The Politics of Prevention: In a Nod to the Conservatives Who Put Him in Office, President Bush Packs His AIDS Policy Panel with Supporters of Abstinence-Based Sex Education. (AIDS)
Bull, Chris, The Advocate (The national gay & lesbian newsmagazine)
Imagine a conference room somewhere in Washington, D.C. Thirty-five presidential appointees debate federal AIDS policy. Stating at each other around the table are a gang member-turned-religious conservative, a former right-wing congressman who believes that condoms don't work, a onetime beauty queen who lobbies for abstinence until marriage, openly gay conservatives, liberals who support universal sex education, and two representatives of the pharmaceutical industry.
Welcome to the brave new world of the Presidential Advisory Council on HIV and AIDS, which meets for the first time this month.
"It will be fascinating to see how the religious conservatives deal with those who advocate safe sex and needle exchange," says Cornelius Baker, executive director of Whitman-Walker Clinic, an AIDS service organization in Washington, D.C. "The split between Democrats and Republicans will be the least of the differences."
President Bush appointed approximately two dozen new members to the council in January, including cochair Tom Coburn, a former congressman from Oklahoma with a 0 rating on gay rights issues from the gay advocacy group Human Rights Campaign; Charles Francis and Abner Mason, openly gay Republicans; and Louis Suilivan, president of Morehouse School of Medicine in Atlanta and a former secretary of Health and Human Services who in 1990 shelved a report on gay teen suicide.
The clashing political philosophies of the 35-member council, which retains nine Clinton appointees, highlights the fissures in the Bush administration's AIDS policy. After just over a year in office, the president has sought to push abstinence education to appease social conservatives while at the same time trying to prevent outcries from public health leaders, who often support comprehensive sex education.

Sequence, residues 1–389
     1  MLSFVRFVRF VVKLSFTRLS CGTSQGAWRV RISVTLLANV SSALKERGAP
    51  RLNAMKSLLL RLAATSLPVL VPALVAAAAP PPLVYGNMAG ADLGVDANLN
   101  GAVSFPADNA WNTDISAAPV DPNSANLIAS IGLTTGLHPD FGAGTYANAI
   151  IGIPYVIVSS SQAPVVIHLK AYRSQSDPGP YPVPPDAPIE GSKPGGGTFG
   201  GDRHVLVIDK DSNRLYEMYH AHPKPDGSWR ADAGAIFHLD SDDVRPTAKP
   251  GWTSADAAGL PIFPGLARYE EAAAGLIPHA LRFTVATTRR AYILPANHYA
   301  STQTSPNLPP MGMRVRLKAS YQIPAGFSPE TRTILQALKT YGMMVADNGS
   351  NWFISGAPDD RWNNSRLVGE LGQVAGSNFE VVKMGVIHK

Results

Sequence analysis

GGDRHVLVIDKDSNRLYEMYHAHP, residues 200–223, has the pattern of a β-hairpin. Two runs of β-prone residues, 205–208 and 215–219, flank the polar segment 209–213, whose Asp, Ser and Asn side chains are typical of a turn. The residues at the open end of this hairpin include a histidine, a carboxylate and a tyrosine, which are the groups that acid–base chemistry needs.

Despite this ideological rift, it may be difficult to pigeonhole some of the more conservative members of the council. Patricia Funderburk Ware, the council's executive director, has been described by critics as antigay because she was a staff member at Americans for a Sound AIDS Policy, a right-wing group that has lobbied against gay rights and for abstinence-only sex education. But in an interview with The Advocate, Ware emphatically disputes that characterization while expressing support for gay-inclusive abstinence education and a desire to work closely with gays and lesbians.
"I got into this line of work because I saw too many of my young gay friends dying in the 1980s," she says. "If we teach teens to delay sex until marriage, we should also encourage gay teens to abstain until they can find a monogamous, faithful relationship with the person you choose as an adult. Multiple sexual partners is not a good idea for kids, gay or straight. I would tell any council member of whatever political persuasion that young gay kids have just as much right to find the love of their lives as anyone else."
Still, critics say Bush's appointments mark the first cracks in the bipartisan approach to federal AIDS policy that defined the Clinton era. Indeed, the appointments set off a crossfire between gay political groups. The Log Cabin Republicans lauded Bush for appointing "a wide diversity to the Advisory Council." But the National Stonewall Democrats said the president had packed the council with "antigay, unqualified people," and the group blasted Log Cabin for praising the appointments.
Since the establishment of the first AIDS council under President Reagan in 1986, its influence on federal AIDS policy has varied. But the group has always been highly politicized. When Reagan in 1987 named the first openly gay man to serve on the panel, Frank Lilly, religious conservatives protested wildly. …